Finalist 2017: Ginger Rankin, TAS

Home»Finalist 2017: Ginger Rankin, TAS

Name: Ginger Rankin

Community, State: Sisters Beach, TAS

School: Hellyer College

Age: Grade 12, Age 18

Check out this amazing top 40 entry!


From primary school to Prime Minister, how can we create strong pathways to power for women?

With expansive land, fresh produce, clean rain, quiet nights and connected communities, the Northwest coast of Tasmania is bucolic. I love where I live and who I live with, even though statistically my home is also the poorest electorate, in the poorest state in the country (Wilson, 2014). Some of my peers part ways with education in year 10. We have the second highest teenage pregnancy rates in the country (Poskitt, 2010), and an economy that needs more jobs. Young women in my area, like women in all regions, deserve to find their strengths and achieve their goals no matter the disadvantage.

If a community like mine was to produce strong pathways, women would be:

– Represented naturally in government and corporations.

-Payed equally.

– Front runners, including transgender, indigenous and disabled women.

– Having brilliant babies and brilliant careers.

– Not judged for what we wear, but rather our contribution to the world.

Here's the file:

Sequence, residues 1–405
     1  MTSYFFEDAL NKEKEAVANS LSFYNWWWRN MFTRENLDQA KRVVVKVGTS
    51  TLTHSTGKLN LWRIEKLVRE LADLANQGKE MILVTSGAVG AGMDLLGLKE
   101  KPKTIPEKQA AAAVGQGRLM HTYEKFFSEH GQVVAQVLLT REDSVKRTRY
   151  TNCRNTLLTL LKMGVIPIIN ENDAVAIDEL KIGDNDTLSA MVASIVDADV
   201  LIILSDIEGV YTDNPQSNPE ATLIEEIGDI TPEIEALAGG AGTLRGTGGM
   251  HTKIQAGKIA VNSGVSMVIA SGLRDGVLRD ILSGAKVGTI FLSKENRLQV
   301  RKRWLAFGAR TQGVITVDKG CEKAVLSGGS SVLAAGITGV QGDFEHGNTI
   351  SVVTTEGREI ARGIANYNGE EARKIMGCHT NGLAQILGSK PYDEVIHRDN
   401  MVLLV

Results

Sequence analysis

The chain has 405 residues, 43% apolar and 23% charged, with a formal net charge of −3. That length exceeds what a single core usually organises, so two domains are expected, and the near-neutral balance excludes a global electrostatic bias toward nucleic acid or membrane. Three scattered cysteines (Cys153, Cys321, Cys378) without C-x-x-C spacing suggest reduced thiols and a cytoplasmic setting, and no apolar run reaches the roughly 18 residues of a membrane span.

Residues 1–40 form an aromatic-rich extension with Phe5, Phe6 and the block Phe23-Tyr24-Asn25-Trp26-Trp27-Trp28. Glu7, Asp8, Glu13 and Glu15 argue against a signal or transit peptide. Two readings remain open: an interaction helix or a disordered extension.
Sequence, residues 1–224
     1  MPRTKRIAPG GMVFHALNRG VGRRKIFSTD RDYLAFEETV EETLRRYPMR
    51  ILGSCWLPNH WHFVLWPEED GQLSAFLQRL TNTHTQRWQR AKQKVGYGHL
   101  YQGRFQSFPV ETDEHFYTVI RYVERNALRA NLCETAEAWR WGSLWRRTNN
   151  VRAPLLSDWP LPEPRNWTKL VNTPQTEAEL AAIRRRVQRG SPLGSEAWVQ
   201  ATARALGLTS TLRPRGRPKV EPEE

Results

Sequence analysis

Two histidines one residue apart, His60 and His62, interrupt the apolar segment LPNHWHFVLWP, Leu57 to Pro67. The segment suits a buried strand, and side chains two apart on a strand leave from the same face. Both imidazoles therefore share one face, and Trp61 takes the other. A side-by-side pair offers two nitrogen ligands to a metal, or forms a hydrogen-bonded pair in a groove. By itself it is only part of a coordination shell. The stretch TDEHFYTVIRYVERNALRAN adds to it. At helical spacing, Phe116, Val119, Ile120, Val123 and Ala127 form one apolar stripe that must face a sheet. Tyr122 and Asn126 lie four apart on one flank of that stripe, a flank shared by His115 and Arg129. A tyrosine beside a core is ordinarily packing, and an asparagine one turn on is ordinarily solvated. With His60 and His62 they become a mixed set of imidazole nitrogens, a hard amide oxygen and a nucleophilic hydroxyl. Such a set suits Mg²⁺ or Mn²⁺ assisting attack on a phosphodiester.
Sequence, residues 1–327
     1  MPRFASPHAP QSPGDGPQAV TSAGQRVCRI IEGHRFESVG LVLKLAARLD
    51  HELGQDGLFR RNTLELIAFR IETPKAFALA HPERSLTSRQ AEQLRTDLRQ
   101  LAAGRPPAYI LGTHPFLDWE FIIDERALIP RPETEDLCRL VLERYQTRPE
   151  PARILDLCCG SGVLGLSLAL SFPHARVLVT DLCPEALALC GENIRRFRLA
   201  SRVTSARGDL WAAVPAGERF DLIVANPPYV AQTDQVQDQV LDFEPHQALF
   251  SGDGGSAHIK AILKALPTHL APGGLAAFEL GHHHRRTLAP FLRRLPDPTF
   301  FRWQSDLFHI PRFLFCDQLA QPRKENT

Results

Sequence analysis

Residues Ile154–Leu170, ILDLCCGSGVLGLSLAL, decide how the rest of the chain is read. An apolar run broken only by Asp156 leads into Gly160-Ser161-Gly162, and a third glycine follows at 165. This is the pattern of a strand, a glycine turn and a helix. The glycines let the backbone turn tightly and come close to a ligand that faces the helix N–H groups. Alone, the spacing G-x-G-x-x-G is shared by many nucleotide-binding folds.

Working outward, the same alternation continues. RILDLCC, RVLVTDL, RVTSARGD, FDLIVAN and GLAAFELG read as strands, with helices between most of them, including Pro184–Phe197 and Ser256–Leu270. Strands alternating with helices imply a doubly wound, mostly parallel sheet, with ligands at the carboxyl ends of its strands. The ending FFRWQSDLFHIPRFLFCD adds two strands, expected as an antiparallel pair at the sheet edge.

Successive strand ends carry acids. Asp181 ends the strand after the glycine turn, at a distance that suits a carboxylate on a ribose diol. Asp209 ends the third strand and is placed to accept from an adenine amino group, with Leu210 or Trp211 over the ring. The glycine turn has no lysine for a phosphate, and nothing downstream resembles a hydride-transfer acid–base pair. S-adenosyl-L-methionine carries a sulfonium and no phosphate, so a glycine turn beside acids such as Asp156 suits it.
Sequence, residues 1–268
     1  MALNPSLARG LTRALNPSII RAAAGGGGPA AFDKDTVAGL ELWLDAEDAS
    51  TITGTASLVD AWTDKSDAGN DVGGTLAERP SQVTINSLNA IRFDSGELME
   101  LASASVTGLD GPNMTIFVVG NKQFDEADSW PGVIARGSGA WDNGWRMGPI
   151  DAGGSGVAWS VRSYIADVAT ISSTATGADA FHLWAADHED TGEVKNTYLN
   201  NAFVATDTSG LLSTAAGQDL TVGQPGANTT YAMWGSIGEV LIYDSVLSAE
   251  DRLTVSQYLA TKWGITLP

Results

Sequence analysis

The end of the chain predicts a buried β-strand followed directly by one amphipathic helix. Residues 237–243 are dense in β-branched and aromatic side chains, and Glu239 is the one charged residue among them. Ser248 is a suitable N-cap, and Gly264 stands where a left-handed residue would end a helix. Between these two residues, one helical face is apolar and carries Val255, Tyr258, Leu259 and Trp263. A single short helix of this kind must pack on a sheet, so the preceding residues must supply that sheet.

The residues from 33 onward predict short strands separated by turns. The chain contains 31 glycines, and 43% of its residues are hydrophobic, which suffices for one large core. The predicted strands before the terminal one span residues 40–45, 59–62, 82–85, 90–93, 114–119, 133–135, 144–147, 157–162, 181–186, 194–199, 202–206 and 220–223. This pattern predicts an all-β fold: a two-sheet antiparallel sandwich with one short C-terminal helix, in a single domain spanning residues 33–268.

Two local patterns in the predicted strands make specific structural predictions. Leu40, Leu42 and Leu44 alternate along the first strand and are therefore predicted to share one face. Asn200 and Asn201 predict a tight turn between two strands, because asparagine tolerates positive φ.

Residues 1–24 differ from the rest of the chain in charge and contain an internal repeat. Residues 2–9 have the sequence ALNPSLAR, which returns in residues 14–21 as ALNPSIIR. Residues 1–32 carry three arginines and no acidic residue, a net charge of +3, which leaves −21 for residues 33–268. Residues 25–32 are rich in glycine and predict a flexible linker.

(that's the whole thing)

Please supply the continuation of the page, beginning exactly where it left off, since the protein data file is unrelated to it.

– Supported and networking equally with men.

– Perceived as leaders

To achieve this we need to expand in 4 key areas; power, permission, pathways and perpetuity. When women, particularly our youth, feel powerless due to inequality, we should return their selfconfidence by changing society’s patriarchal association with the term ‘will-power’. Women are powerful, strong and game-changes too.

When women are confident, they should learn to not wait for permission to act. This can be learnt through motivation at school, work, media and our government.

When women retrieve their self-confidence and begin to feel motivated, strong pathways should be available for when they’re seeking opportunity. Opportunities such as local councils involving younger women in meetings and running of events, communities recognising all women’s success, schools searching for opportunities for their young girls, employers offering apprenticeships in unconventional area’s, and the government showing leadership by having higher female representatives and encouraging women to take that career path.

When powerful, motivated women are seeking strong pathways, perpetuity helps maintain this so that positive change remains intact to extend it in the future.

Living in a rural area, it is easier to empower and implement strong pathways for women to connect and contribute, from childhood to policy changer, because the communities are small and the relationships already exist. If ‘it takes a village to raise a child.’, then it also takes future communities to empower a woman. When we are working on a local level, it changes everything.

References: Wilson, C. (2014). Poverty is most common in rural Australia. [online] Radio National. Available at: http://www.abc.net.au/radionational/programs/bushtelegraph/rural-poverty/5909108 [Accessed 8 Sep. 2017].
Poskitt, L. (2010). State’s teen pregnancy dilemma. [online] The Examiner. Available at: http://www.examiner.com.au/story/458921/states-teen-pregnancy-dilemma/ [Accessed 8 Sep. 2017].